Saturday, September 24, 2016

Stubs – Thelma & Louise

Thelma & Louise (1991) Starring: Susan Sarandon, Geena Davis, Harvey Keitel Directed by Ridley Scott. Screenplay by Callie Khouri. Produced by Ridley Scott and Mimi Polk Gitlin. Runtime 129 minutes. US. Color. Action, Adventure

Sometimes you have to see a film because you’ve heard so much about it or that it’s considered part of the popular culture to the point it is referenced in other films, TV shows, and stories. Such is the case with Thelma & Louise, Ridley Scott’s 1991 homage to bad decisions.

Thelma Dickinson (Geena Davis) is married to a controlling man, Darryl (Christopher McDonald). Thelma seems to be genuinely afraid of him, because when Louise Sawyer (Susan Sarandon) calls about the plans they have to go away for the weekend, Thelma still hasn’t asked permission to go. And she doesn’t, stealing away, with pretty much all of her clothes and a gun her husband had given her. Rather than confronting Darryl, she leaves a note. The two head out in Louise's 1966 Ford Thunderbird convertible for a two-day vacation in the mountain cabin of Louise’s boss. Out on the road, they make their first bad call.

Louise (Susan Sarandon) and Thelma (Geena Davis) set out for two-day vacation.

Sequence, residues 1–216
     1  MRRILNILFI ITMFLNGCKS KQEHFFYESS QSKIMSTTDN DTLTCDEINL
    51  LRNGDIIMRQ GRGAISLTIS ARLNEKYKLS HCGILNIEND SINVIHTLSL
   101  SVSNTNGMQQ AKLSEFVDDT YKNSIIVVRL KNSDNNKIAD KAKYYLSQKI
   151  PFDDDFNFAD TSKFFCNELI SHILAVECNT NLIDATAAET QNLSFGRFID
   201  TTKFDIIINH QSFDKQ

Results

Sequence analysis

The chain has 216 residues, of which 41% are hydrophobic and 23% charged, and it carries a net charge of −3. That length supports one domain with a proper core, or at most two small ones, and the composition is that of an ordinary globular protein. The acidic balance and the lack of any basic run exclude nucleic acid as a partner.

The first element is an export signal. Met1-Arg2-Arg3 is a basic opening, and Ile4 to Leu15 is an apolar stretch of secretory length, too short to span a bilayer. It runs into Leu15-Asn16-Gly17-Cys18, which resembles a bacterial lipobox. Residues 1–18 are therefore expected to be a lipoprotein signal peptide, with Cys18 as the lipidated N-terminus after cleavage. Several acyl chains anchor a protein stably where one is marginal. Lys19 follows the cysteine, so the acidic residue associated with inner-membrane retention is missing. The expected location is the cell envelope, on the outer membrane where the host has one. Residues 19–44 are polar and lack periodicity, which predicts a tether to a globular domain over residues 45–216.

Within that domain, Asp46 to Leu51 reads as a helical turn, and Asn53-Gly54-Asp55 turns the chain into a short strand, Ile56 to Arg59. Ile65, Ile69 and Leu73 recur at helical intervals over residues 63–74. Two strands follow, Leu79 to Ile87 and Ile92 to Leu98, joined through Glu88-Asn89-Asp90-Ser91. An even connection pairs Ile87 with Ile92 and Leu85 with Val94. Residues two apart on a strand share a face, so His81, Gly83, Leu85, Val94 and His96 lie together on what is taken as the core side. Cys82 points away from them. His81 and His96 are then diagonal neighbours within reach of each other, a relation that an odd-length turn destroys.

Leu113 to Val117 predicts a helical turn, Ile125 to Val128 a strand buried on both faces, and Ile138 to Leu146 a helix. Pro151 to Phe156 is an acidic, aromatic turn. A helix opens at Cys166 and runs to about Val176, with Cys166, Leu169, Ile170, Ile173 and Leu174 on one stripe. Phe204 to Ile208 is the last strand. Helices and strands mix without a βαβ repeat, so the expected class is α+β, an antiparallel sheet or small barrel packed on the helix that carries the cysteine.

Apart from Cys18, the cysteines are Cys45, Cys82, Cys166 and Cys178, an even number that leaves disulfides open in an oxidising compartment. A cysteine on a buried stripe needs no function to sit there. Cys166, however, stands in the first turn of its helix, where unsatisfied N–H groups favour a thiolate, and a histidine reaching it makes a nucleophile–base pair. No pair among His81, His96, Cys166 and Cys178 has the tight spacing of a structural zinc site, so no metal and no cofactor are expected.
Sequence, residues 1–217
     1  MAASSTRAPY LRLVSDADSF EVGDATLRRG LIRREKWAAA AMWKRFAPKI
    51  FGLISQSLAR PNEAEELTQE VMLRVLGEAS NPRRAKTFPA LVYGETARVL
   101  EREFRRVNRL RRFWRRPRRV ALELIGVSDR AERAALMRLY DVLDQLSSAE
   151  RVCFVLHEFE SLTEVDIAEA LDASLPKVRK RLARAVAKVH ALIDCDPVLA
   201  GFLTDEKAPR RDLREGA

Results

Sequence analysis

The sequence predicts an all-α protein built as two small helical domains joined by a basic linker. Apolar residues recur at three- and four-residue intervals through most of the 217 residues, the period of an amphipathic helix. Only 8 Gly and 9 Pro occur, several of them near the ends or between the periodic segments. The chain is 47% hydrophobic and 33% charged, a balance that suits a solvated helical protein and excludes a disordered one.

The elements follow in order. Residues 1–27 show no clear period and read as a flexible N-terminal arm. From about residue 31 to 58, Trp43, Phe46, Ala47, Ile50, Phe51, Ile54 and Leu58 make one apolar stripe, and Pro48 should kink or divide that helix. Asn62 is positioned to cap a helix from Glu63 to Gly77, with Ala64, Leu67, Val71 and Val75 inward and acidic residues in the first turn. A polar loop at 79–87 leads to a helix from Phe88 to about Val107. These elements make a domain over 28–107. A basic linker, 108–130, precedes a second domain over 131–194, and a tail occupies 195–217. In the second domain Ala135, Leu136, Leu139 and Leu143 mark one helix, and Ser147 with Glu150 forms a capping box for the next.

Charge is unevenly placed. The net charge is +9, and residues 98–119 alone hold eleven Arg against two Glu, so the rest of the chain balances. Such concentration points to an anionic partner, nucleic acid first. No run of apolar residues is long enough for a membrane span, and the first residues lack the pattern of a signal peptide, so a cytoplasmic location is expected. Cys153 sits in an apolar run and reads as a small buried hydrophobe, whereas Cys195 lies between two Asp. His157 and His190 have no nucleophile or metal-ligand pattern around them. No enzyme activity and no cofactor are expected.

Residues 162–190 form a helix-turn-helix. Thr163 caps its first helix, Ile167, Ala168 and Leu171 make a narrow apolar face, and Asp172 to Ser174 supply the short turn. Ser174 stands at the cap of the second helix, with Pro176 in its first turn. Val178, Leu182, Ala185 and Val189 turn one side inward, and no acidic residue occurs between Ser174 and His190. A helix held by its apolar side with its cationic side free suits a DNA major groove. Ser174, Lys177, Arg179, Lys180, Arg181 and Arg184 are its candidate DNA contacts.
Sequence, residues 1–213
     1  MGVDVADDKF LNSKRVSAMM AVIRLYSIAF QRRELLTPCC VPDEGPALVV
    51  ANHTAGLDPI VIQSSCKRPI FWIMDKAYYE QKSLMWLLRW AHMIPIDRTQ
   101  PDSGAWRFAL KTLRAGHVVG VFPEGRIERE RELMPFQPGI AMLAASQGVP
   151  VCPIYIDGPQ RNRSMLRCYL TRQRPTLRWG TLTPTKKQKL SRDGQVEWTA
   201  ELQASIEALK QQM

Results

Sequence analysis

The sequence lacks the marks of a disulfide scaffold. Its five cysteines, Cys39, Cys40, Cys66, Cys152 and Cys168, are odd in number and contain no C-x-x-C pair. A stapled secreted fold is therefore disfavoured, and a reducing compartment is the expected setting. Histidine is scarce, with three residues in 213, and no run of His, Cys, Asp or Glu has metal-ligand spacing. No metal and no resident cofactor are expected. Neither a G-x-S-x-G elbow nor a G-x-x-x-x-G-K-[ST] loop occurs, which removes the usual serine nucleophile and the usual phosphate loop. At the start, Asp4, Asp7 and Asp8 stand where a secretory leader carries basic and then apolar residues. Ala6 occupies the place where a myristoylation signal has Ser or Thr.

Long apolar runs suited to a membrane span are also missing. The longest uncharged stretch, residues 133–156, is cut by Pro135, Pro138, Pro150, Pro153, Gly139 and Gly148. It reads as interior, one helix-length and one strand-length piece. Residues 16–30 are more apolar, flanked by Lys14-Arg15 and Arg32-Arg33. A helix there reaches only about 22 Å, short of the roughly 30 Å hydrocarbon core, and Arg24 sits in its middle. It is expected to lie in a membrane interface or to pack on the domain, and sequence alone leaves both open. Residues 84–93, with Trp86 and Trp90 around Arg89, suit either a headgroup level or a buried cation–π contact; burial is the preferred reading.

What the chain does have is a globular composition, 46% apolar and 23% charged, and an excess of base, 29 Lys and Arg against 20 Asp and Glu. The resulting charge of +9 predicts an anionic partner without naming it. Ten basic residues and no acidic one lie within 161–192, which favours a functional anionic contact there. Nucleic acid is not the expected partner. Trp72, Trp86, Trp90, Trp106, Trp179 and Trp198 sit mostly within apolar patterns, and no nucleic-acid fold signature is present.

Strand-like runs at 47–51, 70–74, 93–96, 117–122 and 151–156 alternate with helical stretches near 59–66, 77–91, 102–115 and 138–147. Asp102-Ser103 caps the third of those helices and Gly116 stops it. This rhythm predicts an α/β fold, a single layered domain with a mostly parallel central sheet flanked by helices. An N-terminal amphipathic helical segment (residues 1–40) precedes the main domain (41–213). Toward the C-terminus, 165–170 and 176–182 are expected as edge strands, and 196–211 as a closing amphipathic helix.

Thelma has lived a sheltered life and wants to have some fun right away. They stop for a drink at a cowboy bar, The Silver Bullet, where the women are hit on by Harlan Puckett (Timothy Carhart). Thelma is naïve and lets Harlan buy her drinks and dance her dizzy. Louise is more controlled and while she dances with a man, she doesn’t lose her wits. She knows they should leave, but Harlan takes Thelma outside into the parking lot to get some air.

Harlan Puckett (Timoth Carhart) takes a naive Thelma out to the parking lot with the intent to rape her.

While they’re outside, Harlan gets fresh, but when Thelma rejects his advances, saying she’s married, Harlan loses control. He hits her and starts to rape her over the hood of a car when Louise shows up with Thelma’s gun. Harlan stops at gunpoint, but as the women walk away, he yells sexual profanities after them. Louise loses her temper and fires, killing him with a shot through his black heart; bad decision number two for our “heroes”. Thelma and Louise flee the scene, narrowly escaping multiple accidents as they do.

Louise comes to Thelma's aid with a loaded gun.